The EU is looking for ways to help the retail sector and one of its tools could be a new cap on credit card fees. Although the European Commission has a chequered record in such matters, the new plan appears to resemble the EC’s roaming caps, which were a success.
At the moment there is little to no legislative harmonisation among member states, hence Denmark has no debit card fees, while Poland has a 1.6 percent fee. Furthermore credit card transactions in some countries cost three times as much as debit card transactions. French consumers pay an 0.5 percent fee on credit card transactions, but just across the border Germans pay up to 1.8 percent, reports Euronews.
If the proposals go through, credit card fees will be capped at 0.3 percent, while debit card fees will be capped at 0.2 percent. With an EU-wide cap in place, cross-border trail should also benefit and this is obviously good news for e-commerce outfits.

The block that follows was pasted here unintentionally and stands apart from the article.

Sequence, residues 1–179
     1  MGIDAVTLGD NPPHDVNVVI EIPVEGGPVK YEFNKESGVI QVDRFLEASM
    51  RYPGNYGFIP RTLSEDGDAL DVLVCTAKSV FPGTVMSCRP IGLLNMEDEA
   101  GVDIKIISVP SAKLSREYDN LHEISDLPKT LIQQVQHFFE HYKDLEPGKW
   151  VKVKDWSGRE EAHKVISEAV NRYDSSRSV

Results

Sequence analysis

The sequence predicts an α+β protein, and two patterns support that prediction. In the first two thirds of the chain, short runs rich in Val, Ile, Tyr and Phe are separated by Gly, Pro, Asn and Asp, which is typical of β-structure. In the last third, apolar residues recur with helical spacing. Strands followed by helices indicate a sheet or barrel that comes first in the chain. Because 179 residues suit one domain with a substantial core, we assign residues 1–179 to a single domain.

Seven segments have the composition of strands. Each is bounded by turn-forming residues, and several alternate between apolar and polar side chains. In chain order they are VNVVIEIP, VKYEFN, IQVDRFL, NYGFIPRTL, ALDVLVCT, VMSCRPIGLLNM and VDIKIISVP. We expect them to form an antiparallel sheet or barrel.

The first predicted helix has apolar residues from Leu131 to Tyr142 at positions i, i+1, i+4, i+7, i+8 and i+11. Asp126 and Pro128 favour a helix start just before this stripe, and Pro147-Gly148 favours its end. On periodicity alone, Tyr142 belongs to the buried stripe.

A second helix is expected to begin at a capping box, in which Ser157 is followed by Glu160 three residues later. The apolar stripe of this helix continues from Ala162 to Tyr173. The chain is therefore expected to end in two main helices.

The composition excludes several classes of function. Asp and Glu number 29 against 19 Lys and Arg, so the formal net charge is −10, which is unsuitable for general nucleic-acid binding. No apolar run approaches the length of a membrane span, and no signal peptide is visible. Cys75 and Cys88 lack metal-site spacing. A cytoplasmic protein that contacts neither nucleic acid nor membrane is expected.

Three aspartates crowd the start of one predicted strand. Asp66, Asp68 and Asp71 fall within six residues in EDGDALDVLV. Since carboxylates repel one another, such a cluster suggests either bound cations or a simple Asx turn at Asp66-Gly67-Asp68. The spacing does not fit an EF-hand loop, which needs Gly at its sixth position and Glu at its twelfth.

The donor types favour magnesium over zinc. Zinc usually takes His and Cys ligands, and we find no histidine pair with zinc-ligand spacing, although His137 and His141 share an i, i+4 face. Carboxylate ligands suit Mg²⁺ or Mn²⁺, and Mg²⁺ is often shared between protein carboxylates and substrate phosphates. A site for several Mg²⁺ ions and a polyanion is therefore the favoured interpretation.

European Commissioner responsible for internal market and services, Michel Barnier, said interbank fees don’t correspond to real cost for big players like Mastercard and Visa.
“Besides, in many countries where those fees are regulated or limited, it’s less expensive to make payments with cards, for the retailer as well as the consumer,” he said.
However, although consumers will welcome the proposal, the financial sector will probably go ape and try to find alternative ways of making up for lost revenue, i.e. they might start charging annual fees.